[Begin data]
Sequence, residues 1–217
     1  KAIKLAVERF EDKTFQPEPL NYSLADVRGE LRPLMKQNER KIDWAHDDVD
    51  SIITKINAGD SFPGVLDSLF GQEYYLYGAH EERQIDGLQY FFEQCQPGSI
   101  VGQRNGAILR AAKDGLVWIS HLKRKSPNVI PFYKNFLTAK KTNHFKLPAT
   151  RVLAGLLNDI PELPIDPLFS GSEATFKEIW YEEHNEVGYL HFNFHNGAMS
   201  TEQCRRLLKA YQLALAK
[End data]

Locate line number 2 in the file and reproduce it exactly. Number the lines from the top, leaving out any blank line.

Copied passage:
     1  KAIKLAVERF EDKTFQPEPL NYSLADVRGE LRPLMKQNER KIDWAHDDVD